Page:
Election myth buster: true or false

Malta’s voting process is based on the single transferable vote system. It can be complicated, which allows for several myths to permeate. Kurt Sansone tries to deconstruct some of these myths

Myth: If I vote 1 for a candidate of party X and 2 for a candidate of a different party, my vote will be invalid.

False The beauty of our electoral system is that it allows you to transfer your vote between candidates of different political parties. So, you can vote for all the candidates on the ballot sheet irrespective of the party they are contesting with or whether they are independents. The important thing is to put down numbers in incremental order starting from 1 and continuing with the rest.

Myth: If I vote 1 and stop there, my vote is invalid.

False You can vote 1 and stop there. You can actually stop at what number you want.

Myth: I have to vote for all candidates of a political party.

False You can vote for one, some or all candidates of a political party, or none at all. Irrespective of what political parties say, you have no obligation to vote for all candidates of the same party.

Myth: I can vote by drawing an X in the box.

False You have to vote using numbers starting from 1. Any other mark could invalidate your vote.

Myth: If I vote using numbers but I also leave a written message for politicians, my vote will still be valid.

False If you put some other marking on the ballot sheet or write down a message of sorts, you will invalidate your vote.

Myth: If I vote for a small party or an independent candidate my vote will be wasted.

False A small party candidate or an independent candidate may not garner enough votes to get elected to parliament, which is why the larger parties tell you the vote is wasted. But any vote is a personal political choice and it is up to you to decide who you want to support. The number 1 vote is important to determine the strength of political parties at the first count and hence, which will win the election. But if more than two political parties are represented in parliament, the first count vote may be immaterial and what counts is the number of seats a political party gets. This is why transferring your vote between candidates becomes an important consideration.

Myth: The political parties will know how I voted or whether I invalidated my vote.

False You vote in a private polling booth and you fold your ballot before depositing it in a sealed ballot box. Unless you decide to tell people how you voted, nobody can know what your choice is, not even the political parties.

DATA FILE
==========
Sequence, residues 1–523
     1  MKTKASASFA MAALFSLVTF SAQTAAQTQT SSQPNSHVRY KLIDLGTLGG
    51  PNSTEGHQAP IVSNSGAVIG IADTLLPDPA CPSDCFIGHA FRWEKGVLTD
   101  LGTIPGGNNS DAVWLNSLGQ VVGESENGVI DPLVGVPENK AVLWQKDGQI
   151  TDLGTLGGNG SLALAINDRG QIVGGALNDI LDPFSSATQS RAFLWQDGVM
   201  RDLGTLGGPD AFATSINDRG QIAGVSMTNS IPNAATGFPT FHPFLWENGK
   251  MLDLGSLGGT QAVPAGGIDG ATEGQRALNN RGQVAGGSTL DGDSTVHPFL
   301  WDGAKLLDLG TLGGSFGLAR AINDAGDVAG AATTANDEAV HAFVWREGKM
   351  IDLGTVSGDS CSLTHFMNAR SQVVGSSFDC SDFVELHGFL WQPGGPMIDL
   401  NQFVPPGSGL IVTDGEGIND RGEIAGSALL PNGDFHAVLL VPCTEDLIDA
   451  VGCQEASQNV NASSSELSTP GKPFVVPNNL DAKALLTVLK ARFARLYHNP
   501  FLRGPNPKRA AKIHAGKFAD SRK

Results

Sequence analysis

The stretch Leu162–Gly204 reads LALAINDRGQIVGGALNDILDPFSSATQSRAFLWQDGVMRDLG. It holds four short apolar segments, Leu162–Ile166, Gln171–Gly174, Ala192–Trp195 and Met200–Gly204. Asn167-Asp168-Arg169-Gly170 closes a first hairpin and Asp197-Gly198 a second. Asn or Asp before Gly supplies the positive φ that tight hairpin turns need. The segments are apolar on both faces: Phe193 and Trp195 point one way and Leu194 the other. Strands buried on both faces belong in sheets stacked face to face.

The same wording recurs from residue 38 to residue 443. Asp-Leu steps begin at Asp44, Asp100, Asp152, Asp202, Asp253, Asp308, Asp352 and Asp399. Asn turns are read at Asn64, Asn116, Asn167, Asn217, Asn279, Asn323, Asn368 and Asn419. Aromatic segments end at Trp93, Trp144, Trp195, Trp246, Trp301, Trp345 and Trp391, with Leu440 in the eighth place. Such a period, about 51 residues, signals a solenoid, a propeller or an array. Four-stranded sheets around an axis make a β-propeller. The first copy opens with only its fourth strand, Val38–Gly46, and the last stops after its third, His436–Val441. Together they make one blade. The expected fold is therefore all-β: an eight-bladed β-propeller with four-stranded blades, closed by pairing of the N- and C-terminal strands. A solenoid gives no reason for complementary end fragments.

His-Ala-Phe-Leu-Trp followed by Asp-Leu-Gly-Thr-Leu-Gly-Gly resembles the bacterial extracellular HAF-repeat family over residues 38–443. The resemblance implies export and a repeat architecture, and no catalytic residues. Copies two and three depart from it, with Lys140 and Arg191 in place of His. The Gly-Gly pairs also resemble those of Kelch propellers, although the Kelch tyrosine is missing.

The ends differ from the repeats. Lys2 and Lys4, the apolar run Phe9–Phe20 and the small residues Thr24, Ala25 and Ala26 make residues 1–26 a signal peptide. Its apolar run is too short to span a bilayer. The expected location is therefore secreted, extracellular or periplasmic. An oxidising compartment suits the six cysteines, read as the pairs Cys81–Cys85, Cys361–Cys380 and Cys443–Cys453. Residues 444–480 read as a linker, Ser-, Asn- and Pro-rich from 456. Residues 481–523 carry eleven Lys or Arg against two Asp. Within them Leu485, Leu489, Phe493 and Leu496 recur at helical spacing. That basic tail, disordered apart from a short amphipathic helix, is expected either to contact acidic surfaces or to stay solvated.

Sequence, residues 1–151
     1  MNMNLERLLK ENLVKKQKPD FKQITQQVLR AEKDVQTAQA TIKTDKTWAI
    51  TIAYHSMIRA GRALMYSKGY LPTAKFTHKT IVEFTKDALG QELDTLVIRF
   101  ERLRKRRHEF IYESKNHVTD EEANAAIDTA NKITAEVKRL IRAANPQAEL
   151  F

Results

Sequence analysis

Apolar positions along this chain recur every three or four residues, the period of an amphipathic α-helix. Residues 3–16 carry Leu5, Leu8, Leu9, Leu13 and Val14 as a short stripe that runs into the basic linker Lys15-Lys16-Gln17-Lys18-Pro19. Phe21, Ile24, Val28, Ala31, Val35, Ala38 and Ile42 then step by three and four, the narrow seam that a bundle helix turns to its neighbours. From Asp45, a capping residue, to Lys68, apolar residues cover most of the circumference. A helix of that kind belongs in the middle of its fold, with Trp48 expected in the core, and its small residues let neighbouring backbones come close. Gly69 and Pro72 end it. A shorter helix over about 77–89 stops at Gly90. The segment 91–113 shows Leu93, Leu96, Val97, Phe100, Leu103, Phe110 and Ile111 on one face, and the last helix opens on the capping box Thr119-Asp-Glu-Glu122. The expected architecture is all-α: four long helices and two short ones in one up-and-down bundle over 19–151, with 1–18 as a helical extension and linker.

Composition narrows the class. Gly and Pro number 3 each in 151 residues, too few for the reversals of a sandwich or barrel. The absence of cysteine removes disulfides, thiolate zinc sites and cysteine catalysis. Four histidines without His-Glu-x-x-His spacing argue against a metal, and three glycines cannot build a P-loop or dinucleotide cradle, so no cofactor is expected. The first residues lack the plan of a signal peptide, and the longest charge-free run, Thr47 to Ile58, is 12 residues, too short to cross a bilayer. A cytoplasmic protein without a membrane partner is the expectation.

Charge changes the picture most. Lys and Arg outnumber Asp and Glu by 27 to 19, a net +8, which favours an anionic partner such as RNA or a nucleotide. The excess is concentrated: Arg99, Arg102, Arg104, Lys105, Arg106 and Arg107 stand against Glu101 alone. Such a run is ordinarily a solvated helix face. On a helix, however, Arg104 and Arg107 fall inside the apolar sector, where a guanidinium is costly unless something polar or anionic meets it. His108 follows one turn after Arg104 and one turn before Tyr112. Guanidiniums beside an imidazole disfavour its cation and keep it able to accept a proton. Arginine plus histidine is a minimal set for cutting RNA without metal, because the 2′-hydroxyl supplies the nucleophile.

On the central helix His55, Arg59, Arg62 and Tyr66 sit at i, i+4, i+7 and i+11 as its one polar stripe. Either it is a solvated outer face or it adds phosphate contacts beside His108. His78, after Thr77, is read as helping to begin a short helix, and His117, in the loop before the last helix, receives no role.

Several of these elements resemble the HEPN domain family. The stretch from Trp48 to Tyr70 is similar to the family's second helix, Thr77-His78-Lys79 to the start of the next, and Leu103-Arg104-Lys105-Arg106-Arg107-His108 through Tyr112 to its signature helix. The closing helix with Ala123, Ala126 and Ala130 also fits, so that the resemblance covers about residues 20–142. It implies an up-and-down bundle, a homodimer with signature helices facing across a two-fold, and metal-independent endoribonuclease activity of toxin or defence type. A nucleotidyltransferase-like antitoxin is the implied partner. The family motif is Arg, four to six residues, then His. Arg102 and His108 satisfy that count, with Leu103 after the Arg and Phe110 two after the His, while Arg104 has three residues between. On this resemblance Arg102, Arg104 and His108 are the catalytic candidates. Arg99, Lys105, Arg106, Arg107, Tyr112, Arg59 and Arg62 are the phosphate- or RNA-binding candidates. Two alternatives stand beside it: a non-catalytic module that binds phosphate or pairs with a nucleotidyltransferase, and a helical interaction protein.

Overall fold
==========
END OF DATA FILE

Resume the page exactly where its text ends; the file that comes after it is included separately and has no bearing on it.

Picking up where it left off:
Myth: Political parties will know that I did not bother to vote.

TRUE Political parties have access to the data of who has voted on election day. So, they will know that you did not vote.

Myth: I can take a photo of my ballot to show people how I voted.

Don’t even bother going there. It is illegal to take a photo of the ballot and you can get arrested for it. This is done to prevent corrupt practices.

Myth: I do not know how to read and write, so I cannot vote.

False Anybody entitled to vote has a right to do so. If you cannot read and write, the assistant electoral commissioners in the polling room where you vote will help you. The room will be vacated and it will just be you and the assistant electoral commissioners. They will follow your verbal instructions. And don’t worry about your preference being recorded wrongly because apart from the representatives of the Electoral Commission there will also be representatives of the respective political parties, who will ensure that your choice is respected.

Myth: I can take a person of trust with me inside the polling booth to help me vote.

False Voting is a personal matter and the law does not allow you to take a person of trust with you inside the polling booth. If you need any help while voting, you can ask the assistant electoral commissioners.

Myth: Voting is obligatory.

False Malta has no law that makes voting obligatory. This does exist in some countries and people there can be fined if they fail to vote. But in Malta, voting is on a voluntary basis.

Myth: If not enough people vote, the election will be invalid.

False It is your democratic choice to decide not to vote but an election will always deliver an outcome, irrespective of the number of people who actually vote. The election result is based on the number of valid votes cast, irrespective of the turnout. Not voting may be a message in itself but it will also allow others to determine the outcome.

Myth: All I need to vote on Saturday is my ID Card.

False You need to have the voting document, which is issued by the Electoral Commission. This will have your photo and personal details on it. It will also tell you where you have to go to cast your vote. Without the voting document, you will not be allowed to vote. If you do not have it yet, you can pick this up from the counting hall in Naxxar or the Electoral Commission’s office in Rabat, Gozo. The last chance to collect the document is Thursday at midnight. You need your ID card to be able to collect your voting document.